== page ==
Power pairing


A local look at women and beer for International Women’s Day

By Hayley Fudge

Photo: Celebrate International Women’s Day with General Manager Tanya Brock at 5th Street Brewpub March 8 photo: Hayley Fudge

At a time in our country when women’s rights have been considered under assault, the world should seize every opportunity it can get to celebrate the female gender.

And you can expect March 8 to be a pretty big deal this year, as it marks a more than century-old tradition of observing International Women’s Day (IWD), a global day to celebrate the social, economic, cultural, professional, and political achievements of women.

IWD has been around since the early 1900s—a period that kicked off a massive growth in population, industry, and radical ideas. This year’s theme is #BeBoldForChange, urging participants to be leaders within their own spheres of influence by taking bold, groundbreaking action to accelerate gender parity and progressive change for women.

And since you’re reading a beer column, you probably know where this is headed. Yep, to beer, and how women have shaped, influenced, and continue to be involved with beer today.

The vast majority of both micro and macro breweries around today are owned and operated by men. Interestingly enough, back in the 18th century, a good portion of brewers was female. According to the National Women’s History Museum, women’s involvement in brewing beer traces back more than 4,000 years in Mesopotamia, and possibly long before that in ancient cultures. The ancient Sumerians even had a goddess of beer, Ninkasi.

But forward way ahead to colonial America, when the craft of brewing evolved from Europe to the U.S., and many women were the tavern owners and brewers of their establishments. Housewives were also tasked with brewing beer as part of their daily to-dos. By the late 18th century, female brewers and even brewing as a household art were on the decline, leading us to the male-dominated world of the beer industry that we now know.

But that’s evolving, too. Women are slowly making their way back, taking lead roles in the beer and brewing industry, in sales, operations, ownership, and as enthusiasts and consumers. But it’s estimated that women account for only about 10 percent of jobs in the beer industry.

Locally, we have some women who know how to brew, sell, and educate about beer—and drink it, too.

Tanya Brock, general manager at Dayton’s Fifth Street Brewpub, came into the industry from a background and interest in food preservation and history, including that of beer. She was on the development team of the Carillon Brewing Company concept and was its founding brewer.

“I am blown away by the sense of community in and around this industry,” Brock says. “The camaraderie among brewers is comforting in the way it feels like a family. And the love, support, and interest from the community is heartwarming. Whether it is people brewing together, sharing drinks together, or the lone person at the end of the bar looking for companionship, this industry brings people together and celebrates humanity.”

Still, the beer industry is not without challenges for the women who’ve joined it.

“I think it’s important for women to share their work in the industry—too often, and for too long, we’ve assumed that this is men’s work,” Brock says. “The reality is it is hard work, regardless of who’s doing it. Sharing our stories in the spotlight will help everyone realize the greater image of brewing.”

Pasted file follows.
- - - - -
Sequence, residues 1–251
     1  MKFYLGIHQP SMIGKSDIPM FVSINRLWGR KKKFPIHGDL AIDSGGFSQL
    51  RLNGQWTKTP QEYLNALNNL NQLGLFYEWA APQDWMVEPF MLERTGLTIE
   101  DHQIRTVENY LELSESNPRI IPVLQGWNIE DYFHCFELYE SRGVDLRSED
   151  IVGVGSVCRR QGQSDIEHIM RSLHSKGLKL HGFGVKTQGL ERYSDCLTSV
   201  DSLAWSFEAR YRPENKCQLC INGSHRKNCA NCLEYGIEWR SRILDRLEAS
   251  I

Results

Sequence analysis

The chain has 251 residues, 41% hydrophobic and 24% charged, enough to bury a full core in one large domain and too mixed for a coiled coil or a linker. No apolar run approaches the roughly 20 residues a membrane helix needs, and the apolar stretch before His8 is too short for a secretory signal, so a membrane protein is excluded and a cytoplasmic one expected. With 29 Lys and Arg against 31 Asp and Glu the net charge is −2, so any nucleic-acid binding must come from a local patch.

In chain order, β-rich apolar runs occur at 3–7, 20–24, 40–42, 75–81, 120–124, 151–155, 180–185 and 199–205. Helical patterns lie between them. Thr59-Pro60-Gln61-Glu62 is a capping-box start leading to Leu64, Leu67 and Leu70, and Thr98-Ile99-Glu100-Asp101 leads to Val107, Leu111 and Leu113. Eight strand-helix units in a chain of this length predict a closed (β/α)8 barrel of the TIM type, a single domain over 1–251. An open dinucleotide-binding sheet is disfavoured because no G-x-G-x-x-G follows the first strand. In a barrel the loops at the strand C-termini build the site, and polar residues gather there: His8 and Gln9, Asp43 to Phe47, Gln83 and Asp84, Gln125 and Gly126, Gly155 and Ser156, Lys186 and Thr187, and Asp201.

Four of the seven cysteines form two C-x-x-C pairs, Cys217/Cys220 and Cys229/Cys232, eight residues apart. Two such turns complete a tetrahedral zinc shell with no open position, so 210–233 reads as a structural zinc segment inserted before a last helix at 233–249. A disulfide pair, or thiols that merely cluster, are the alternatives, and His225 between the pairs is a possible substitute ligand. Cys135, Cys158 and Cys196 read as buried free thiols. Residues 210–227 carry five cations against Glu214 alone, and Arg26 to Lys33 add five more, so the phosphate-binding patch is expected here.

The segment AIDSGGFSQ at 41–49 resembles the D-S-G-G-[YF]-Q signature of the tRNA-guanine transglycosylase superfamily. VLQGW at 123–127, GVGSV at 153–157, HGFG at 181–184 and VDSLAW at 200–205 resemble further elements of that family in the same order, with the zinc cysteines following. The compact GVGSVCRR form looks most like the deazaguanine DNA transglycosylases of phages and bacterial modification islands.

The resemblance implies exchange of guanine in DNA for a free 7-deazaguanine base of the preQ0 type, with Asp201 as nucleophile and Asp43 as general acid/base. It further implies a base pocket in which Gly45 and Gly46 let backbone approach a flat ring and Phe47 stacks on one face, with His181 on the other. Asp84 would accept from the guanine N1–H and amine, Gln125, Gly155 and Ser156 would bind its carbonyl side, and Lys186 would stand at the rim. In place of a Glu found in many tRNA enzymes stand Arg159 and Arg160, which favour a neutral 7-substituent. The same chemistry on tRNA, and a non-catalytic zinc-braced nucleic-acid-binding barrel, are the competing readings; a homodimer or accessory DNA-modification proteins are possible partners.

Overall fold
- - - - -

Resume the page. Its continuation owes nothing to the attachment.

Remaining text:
“I’ve learned that people think women are showing up in the industry as token employees or marketing ploys,” Brock says. “We have always been here—making, drinking, and selling beer. Now it’s time to recognize that and build on the diversity as a means to reflect the community we serve.”

Brock says Fifth Street Brewpub, located at 1600 E. Fifth St. in Dayton, has a couple things planned to mark International Women’s Day on March 8, starting with an all-female brew day with the pub’s staff. In addition, they’ll have a tap takeover showcasing beers from breweries where women have key roles in the operations.

Natalie Phillips, a Dayton native and general manager at the Norwood location of Cappy’s Wine and Spirits, has been a part of the beer industry for some time, with extensive experience working in retail sales and distribution.

Phillips has organized a special event to celebrate International Women’s Day in the craft beer industry. On March 11, the Loveland Cappy’s Wine and Spirits location will host Women in Beer!, an educational tasting featuring 10 beers on tap from breweries with strong female representation, including Ohio’s Jackie O’s and Fat Head’s breweries, as well as offerings from Against the Grain, New Belgium, Dogfish Head, and Stone.

Between 4 and 6 p.m., female brewers and industry experts will take questions and talk beer and their experiences in the industry.

Phillips says, “We welcome any women in the beer industry who would like to come participate and speak during that time slot.”

Fifth Street Brewpub is located at 1600 E. Fifth St. in Dayton. For more information, please call 937.443.0919 or visit FifthStreetBrewPub.coop. Women in Beer! takes place Saturday, March 11 from 4–9 p.m. at Cappy’s Wine and Spirits, 309 W. Loveland Ave. in Loveland. For more information, please call 513.677.2599 or visit.


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Hayley Fudge is one of Dayton City Paper’s Resident Beer Geeks. An enthusiast of craft beer and the culture that surrounds it, Hayley aspires to share her love of beer with others by whipping up beer-infused cupcakes on the regular. Reach Hayley Fudge at HayleyFudge@DaytonCityPaper.com.

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